Books by Kalamu ya
The Magic of JuJu: An Appreciation of the Black Arts
A Revolution of Black Poets
Everywhere Is Someplace Else: A Literary Anthology
From A Bend in the River: 100 New Orleans Poets
Our Music Is No Accident /
What Is Life: Reclaiming the Black Blues Self
My Story My Song (CD)
* * * *
Tarzan Can Not Return to Africa But I
E-F-G-H: PANAFEST 1994
By Kalamu ya
E: How the West Was Won
voice startles me. It was late, very late. Nearby some
star crossed rooster was crowing even though it was 3:00
supposed to be sleeping. I had been writing. Now I was
lying in bed. Thinking. Thinking. Unable to sleep. Lying
quietly. Lying still. Thinking.
sleep, can you?"
bother looking for him in dark. In fact, I raise my arm
and cover my eyes.
know old chap, it seems to me your people have forgotten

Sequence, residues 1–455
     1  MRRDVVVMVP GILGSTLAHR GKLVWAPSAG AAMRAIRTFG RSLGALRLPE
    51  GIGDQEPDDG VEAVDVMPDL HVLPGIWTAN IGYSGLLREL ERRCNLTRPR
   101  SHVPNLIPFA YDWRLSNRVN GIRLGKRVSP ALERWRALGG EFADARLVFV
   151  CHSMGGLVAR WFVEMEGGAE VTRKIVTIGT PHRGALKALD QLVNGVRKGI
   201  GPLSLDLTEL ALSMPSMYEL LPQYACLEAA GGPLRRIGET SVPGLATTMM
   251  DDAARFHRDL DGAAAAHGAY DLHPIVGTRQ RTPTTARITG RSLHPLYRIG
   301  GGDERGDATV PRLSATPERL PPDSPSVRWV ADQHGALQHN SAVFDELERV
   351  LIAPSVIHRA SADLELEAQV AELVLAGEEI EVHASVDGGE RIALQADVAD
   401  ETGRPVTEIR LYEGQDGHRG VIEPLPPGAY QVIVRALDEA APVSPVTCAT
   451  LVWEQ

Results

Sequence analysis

how the west was won. I'm talking about you Black
Americans, is that what you're called this year? I do so
want to be correct."
dark I hear pages rustling.
it's changed. It's African Americans now. Well, that's
romantic. Af - free - can? Really! You guys are afraid
of Africa. You're like lions who were born in a zoo and
have never been let loose in the wild. I don't mean to
offend you, old boy, but you can't drink the water, find
the food distasteful, and would always prefer to ride in
a private car rather than walk or crowd into a bus. So
what's African about you?"
tired. Tired of thinking. Tired of looking through the
wall of my eyeballs at people in the dust and knowing
that those people are me, yet I am not fully comfortable
with them. Tarzan is trying to rile me. I answer his
question with a question.
what does any of that have to do with how the west was
it's fifty questions time is it? Well, I shall answer
your questions one for one as you answer mine. Goose and
gander. Fair enough?"
rooster crows again.
start with an easy riddle for you. Why does an African
rooster crow at night?"
"Because day's work is never done. We can't stay up too
late nor rise too early."
plausible, but the real answer is simple: because he
wants to. You fellows are always looking for some big
picture answer. Sometimes the answer is very simple. You